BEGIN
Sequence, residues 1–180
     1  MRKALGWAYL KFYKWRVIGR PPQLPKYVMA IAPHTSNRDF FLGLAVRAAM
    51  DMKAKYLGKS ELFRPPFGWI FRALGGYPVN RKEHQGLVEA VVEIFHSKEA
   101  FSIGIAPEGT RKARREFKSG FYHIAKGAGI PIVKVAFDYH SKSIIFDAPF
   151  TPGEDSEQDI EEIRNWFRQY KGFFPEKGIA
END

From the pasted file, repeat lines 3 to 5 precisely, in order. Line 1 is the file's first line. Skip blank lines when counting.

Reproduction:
    51  DMKAKYLGKS ELFRPPFGWI FRALGGYPVN RKEHQGLVEA VVEIFHSKEA
   101  FSIGIAPEGT RKARREFKSG FYHIAKGAGI PIVKVAFDYH SKSIIFDAPF
   151  TPGEDSEQDI EEIRNWFRQY KGFFPEKGIA